The computing device 110 may also comprise an input/output controller arranged to output display information to the display device 120 (and/or an audio device such as a speaker or headphones) which, as described above, may be separate from or integral to the computing device 110. The display information provides the GUI 118 for the interactive software experience. In various examples where the display device 120 is part of (or connected to) a separate computing device (and is not integral to or a peripheral of computing device 110), the display information may alternatively be transmitted via the communication interface 114. The input/output controller may also be arranged to receive and process input from one or more devices, such as a user input device (e.g. a mouse, keyboard, camera, microphone or other sensor). In some examples the user input device may detect voice input, user gestures or other user actions and may provide a natural user interface (NUI). This user input may be used to provide inputs to the interactive software experience 108. In an embodiment the display device 120 may also act as the user input device if it is a touch sensitive display device. The input/output controller, where provided, may also output data to other devices (e.g. to an audio device instead of a display device 120).

It will be appreciated that inputs to the interactive software experience 108 may also be received via the communication interface 114. For example, where the display device 120 is remote from the computing device 110 and is part of, or connected to, another computing device (e.g. intermediary device 122), inputs may be made by a user via a user input device which is part of, or connected to, that other computing device and the input commands may be communicated from that computing device to the computing device 110 running the interactive software experience 108 via the communication interface 114. In various examples, inputs may be made by the user via the storage and charging device 102.

Any of the input/output controller, display device 120 and the user input device may comprise NUI technology which enables a user to interact with the computing-based device in a natural manner, free from artificial constraints imposed by input devices such as mice, keyboards, remote controls and the like. Examples of NUI technology that may be provided include but are not limited to those relying on voice and/or speech recognition, touch and/or stylus recognition (touch sensitive displays), gesture recognition both on screen and adjacent to the screen, air gestures, head and eye tracking, voice and speech, vision, touch, gestures, and machine intelligence. Other examples of NUI technology that may be used include intention and goal understanding systems, motion gesture detection systems using depth cameras (such as stereoscopic camera systems, infrared camera systems, RGB camera systems and combinations of these), motion gesture detection using accelerometers/gyroscopes, facial recognition, 3D displays, head, eye and gaze tracking, immersive augmented reality and virtual reality systems and technologies for sensing brain activity using electric field sensing electrodes (EEG and related methods).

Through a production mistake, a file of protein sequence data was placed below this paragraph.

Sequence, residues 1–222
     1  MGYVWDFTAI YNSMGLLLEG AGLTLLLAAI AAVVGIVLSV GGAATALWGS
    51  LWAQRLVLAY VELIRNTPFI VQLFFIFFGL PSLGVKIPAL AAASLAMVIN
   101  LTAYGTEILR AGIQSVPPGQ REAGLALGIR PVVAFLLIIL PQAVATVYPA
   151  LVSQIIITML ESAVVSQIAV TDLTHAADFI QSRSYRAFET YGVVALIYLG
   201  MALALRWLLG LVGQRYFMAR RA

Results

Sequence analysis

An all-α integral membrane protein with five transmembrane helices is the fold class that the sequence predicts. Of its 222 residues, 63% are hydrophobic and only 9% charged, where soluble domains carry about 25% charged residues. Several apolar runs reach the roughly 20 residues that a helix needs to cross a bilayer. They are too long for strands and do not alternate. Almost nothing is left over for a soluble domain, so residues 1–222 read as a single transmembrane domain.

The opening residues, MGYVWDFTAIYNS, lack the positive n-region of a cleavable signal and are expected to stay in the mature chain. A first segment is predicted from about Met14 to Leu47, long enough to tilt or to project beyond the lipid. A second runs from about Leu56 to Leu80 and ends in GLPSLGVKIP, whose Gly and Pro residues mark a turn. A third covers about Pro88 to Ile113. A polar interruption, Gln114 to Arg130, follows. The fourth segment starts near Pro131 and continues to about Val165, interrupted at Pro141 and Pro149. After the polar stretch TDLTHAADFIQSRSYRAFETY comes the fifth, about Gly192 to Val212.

The storage and charging device 102 is associated with the interactive software experience 108 in that it corresponds to a virtual entity 124 within the interactive software experience 108. In the example shown in FIG. 1 this virtual entity 124 is visible within the GUI 118; however, in other examples the virtual entity which corresponds to the storage and charging device 102 may not be visible within the GUI (or non-graphical UI) or may only sometimes be visible within the GUI. In various examples, the storage and charging device described herein may be shaped such that it resembles the virtual entity to which it corresponds and in various examples, it may be possible to change the appearance of the storage and charging device (e.g. as described in more detail with reference to FIG. 7). For example, the storage and charging device may resemble a castle, boat, dolls house, workshop, palace, super-hero lair, vehicle, etc. Such an object may be represented visually within the GUI, in sound within an audio-only UI, etc.